Property Tax in Latin America

Property Tax in Latin America

Property tax has been introduced in a large majority of countries, but is structured and administered in a great variety of ways in different jurisdictions. Little information is currently available regarding the performance of property taxes in Latin America. More importantly, even the public authorities of these countries have difficulty bringing together knowledge of the main characteristics of the systems and of the reform initiatives that are underway.

In order to contribute to the organization and dissemination of information in this area, published are the results of a study involving a comparative analysis of property tax in Latin America. The study is financed by the Lincoln Institute of Land Policy.

The relevance of the study resides in the fact that it will help increase awareness of the ways in which property tax is administered in Latin America. The comparison between countries, regions and localities is significant to the degree that it contributes toward the identification of areas where improvements need to be made. It is important to note that the systematic internal evaluation of the tax is essential for an understanding of the factors that lead to changes in its performance in different periods, thus allowing for the monitoring of governmental activity by public agencies and civil society.

The data collected, the results of the analyses carried out, and the links to access the legislation that refers to the different jurisdictions investigated are available here. The expansion of the database will be carried out through the incorporation of new members to the network, and the updating of the data of each jurisdiction must be carried out, on an annual basis, by the members of the network. The information referring to the past will be stored, to allow the study of the evolution of existing systems. Access to the analyses, aggregate data, legislation and other available materials will be maintained.

Access to Data

This section presents data collected on the property tax. The data included was obtained through legislative review, web-based research and, primarily, information provided by tax administrators through the online questionnaires available in Portuguese and Spanish and/or updating of the tables that include the questionnaire results. The tables are organized in five groups including data on (I) Respondents; (II) General information on the jurisdictions represented; (III) Legal framework; (IV) Administrative aspects of property taxation; and (V) Tax performance. There is also a summary of the basic characteristics of the countries with regard to their administrative division and economic and demographic indicators.

I Country Facts

II General Information

III Legal Framework

1. Legislation

2. Competencies

3. Tax Authority and Taxpayer

4. Taxable Event

5. Tax Base

6. Rates

7. Exemptions and Concessions

IV Administrative Aspects

1. Tax Assessment

2. Property Cadastre

3. Publications, Operating Resources and Internet

4. Property Valuation

5. Objections and Appeals

6. Penalties

7. Distribution, Incentives and Use of Resources

8. Changes in the Property Tax

V Tax Performance

1. Tax Collection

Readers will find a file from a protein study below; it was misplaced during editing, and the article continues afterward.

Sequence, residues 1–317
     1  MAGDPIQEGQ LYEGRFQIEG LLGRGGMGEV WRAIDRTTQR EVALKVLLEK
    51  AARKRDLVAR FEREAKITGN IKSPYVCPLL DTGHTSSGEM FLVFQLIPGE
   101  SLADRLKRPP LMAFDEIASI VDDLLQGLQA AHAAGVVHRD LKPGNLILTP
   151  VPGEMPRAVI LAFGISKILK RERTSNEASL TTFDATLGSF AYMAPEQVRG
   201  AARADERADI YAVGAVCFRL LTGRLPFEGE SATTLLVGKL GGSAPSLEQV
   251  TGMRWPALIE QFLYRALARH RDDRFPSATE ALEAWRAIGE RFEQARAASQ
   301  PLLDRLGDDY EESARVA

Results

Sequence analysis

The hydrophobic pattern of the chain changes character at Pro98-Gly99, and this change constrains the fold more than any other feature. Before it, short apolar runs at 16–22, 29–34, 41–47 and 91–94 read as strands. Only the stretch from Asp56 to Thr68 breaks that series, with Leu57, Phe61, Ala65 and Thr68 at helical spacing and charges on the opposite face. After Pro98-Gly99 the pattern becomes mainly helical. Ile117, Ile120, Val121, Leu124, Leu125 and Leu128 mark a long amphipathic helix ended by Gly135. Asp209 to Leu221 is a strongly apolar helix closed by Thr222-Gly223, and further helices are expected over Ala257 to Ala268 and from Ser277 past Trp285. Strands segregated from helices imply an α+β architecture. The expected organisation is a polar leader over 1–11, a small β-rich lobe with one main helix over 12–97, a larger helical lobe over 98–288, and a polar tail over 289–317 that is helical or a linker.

2. Tax Benefits: Immunities, Exemptions and Concessions

3. Property Cadastre

4. Property Assessment

5. Objections and Appeals


This section presents four groups of indicators to measure the performance of the property tax in the countries and jurisdictions studied: 1 – Importance of the tax in terms of revenue; 2 – Efficiency of tax collection; 3 – Property cadastre; 4 – Assessment performance. The data used to calculate the indicators were taken from the section “Access to Data” and complemented through Internet research.

Group 1: Importance of the Tax in terms of Revenue

1.1 Revenue collected from property tax as a percentage of GDP in the Country (%)

1.2 Revenue collected from property tax as a percentage of GDP in the Jurisdiction (%)

1.3 Revenue collected from property tax as a percentage of GDP in the State/Province (%)

1.4 Revenue collected from property tax as a percentage of GDP in the Municipality (%)

1.5 Revenue collected from property tax per capita in US$ in the Country

1.6 Revenue collected from property tax per capita in US$ in the State/Province

1.7 Revenue collected from property tax per capita in US$ in the Municipality

1.8 Revenue collected from property tax in the Country as a percentage of national tax burden (%)

1.9 Revenue collected from property tax as a percentage of the tax burden in the Jurisdiction (%)

Group 2: Efficiency of Tax Collection

2.1 Administrative cost as a percentage of revenue expected to be collected from property tax in the Jurisdiction, considering no tax evasion (%)

2.2 Property tax collection ratio, that is, revenue collected from property tax spontaneously in the Jurisdiction as a percentage of revenue that should have been collected in case of no tax evasion (%)

Group 3: Property Cadastre

3.1 Composition of property recorded in the cadastre by property-type (%)

3.2 Estimate of the coverage ratio of the cadastre (%)

Group 4: Assessment Performance

4.1 Assessment level in percentage (%)

4.2 Average value of assessed values (US$)

Summary of Results

This article presents the main results of a survey on the property tax, based on data collected up to September 2008, carried out in Latin America and financed by the Lincoln Institute of Land Policy. The study evaluates the main characteristics of the tax in several jurisdictions in Latin America, such as its main provisions, administrative aspects and the importance of the tax as a source of income.

Summary of Results

References and Resources

Glossary of Terms


Informational Resources